Our supporters are the people whose primary investment is in us as people. Their support is unconditional. In other words, they support us whether our creative process, whatever it may be, is deemed successful or not. They keep us working when we have lost faith in ourselves.
Our collaborators are those who get into the creative mix with us. This can mean literally getting their hands dirty with us, or diving in to challenge us intellectually. Our collaborators are also creators and their creative process and outcomes are directly tied to our own.
3. Critical Friend
Our critical friends are deeply trusted peers. They can also be collaborators, but they often work in parallel, not directly with us. These are the people who see our work and our process most wholly and ask us the most challenging questions that push and refine our work. A critical friend could be a very different thinker or work in a different medium or discipline than we do.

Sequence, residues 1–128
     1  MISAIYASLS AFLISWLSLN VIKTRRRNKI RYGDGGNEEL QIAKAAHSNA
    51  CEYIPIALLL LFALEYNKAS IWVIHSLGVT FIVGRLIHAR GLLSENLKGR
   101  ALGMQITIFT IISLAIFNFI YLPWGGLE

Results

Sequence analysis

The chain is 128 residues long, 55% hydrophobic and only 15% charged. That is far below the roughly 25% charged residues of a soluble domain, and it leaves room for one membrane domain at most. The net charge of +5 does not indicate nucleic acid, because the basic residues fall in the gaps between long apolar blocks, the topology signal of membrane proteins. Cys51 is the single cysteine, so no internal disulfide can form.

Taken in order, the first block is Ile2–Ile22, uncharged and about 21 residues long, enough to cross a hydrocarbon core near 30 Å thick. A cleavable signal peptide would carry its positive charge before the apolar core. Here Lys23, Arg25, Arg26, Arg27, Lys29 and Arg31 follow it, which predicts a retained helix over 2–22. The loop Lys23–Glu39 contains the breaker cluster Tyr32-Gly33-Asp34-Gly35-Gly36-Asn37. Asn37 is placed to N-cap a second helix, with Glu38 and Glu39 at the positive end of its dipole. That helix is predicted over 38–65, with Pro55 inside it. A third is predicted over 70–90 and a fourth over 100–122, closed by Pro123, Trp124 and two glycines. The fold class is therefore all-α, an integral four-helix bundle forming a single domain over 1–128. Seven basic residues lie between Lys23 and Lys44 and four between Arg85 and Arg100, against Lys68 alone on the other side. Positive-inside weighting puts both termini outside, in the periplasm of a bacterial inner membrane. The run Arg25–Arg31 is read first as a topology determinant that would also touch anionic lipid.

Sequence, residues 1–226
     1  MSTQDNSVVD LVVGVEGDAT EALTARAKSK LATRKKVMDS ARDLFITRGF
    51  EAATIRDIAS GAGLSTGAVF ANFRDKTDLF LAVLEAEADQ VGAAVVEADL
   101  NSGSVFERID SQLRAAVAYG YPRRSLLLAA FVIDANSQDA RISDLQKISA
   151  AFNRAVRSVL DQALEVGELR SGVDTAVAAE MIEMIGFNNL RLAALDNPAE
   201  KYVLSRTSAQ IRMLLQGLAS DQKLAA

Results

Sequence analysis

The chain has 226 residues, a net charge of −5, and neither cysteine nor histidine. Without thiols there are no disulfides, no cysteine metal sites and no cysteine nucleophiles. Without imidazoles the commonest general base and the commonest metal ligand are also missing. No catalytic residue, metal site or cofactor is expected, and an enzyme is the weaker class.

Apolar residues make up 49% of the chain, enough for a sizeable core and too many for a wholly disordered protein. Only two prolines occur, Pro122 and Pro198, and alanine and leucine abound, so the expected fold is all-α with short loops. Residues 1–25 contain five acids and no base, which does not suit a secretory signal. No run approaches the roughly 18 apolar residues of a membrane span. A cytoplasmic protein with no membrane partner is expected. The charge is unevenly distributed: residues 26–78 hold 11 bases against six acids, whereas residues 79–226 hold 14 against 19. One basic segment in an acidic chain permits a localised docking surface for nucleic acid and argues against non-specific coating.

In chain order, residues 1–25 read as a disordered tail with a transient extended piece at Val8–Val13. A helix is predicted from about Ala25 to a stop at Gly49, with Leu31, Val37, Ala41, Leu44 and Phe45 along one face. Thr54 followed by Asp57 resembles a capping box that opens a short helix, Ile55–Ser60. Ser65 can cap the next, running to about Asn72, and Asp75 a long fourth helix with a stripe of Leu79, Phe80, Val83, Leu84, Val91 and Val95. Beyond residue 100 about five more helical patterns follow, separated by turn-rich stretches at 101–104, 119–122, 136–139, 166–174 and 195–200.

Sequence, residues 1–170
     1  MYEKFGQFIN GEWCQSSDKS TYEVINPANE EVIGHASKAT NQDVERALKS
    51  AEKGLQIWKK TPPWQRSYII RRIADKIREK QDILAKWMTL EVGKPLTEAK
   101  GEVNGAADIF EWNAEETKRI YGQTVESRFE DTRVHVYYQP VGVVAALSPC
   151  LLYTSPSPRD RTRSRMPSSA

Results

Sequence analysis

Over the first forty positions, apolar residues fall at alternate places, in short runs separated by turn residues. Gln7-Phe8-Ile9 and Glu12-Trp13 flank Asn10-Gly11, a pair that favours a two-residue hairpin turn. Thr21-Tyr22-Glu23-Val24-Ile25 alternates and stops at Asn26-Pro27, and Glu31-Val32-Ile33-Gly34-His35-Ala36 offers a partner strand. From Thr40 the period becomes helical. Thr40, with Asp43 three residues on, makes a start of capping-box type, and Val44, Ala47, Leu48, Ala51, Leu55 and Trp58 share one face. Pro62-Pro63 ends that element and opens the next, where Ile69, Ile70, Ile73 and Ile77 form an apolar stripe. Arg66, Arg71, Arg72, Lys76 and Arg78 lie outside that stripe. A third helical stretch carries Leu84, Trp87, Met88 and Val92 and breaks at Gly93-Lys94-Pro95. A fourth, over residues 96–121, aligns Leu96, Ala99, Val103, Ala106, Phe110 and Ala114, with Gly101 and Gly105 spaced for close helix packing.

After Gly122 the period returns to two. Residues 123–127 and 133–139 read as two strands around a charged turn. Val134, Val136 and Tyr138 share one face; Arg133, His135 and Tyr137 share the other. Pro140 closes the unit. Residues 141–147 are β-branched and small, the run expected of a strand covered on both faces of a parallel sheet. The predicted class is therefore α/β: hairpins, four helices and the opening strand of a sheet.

At some point, our creative output needs to meet a market or a consumer of some sort. Our supporters, collaborators, and critical friends may tell their friends about us. Our promoters tell everyone who will listen. They step up and are bought into our creative output sufficiently to put their own name on it as an endorsement. Promoters can be developed organically, or perhaps even hired, depending on the creative context.
5. Respected Critic/Doubter
This one may be less intuitive, but our critics tap a different motivation than any of the other relationships here. They may even spur spite, indignation, and a desire to prove them wrong. These may seem odd things to want in our creative lives, but they have the potential to make us better creators. So, these are not the critics we dismiss simply because we think they don’t like us. These are people whose doubt of us matters to us in some way. In fact, it can even work if we are our own biggest critic/doubter as long as that motivates us rather than neutralizes our creativity.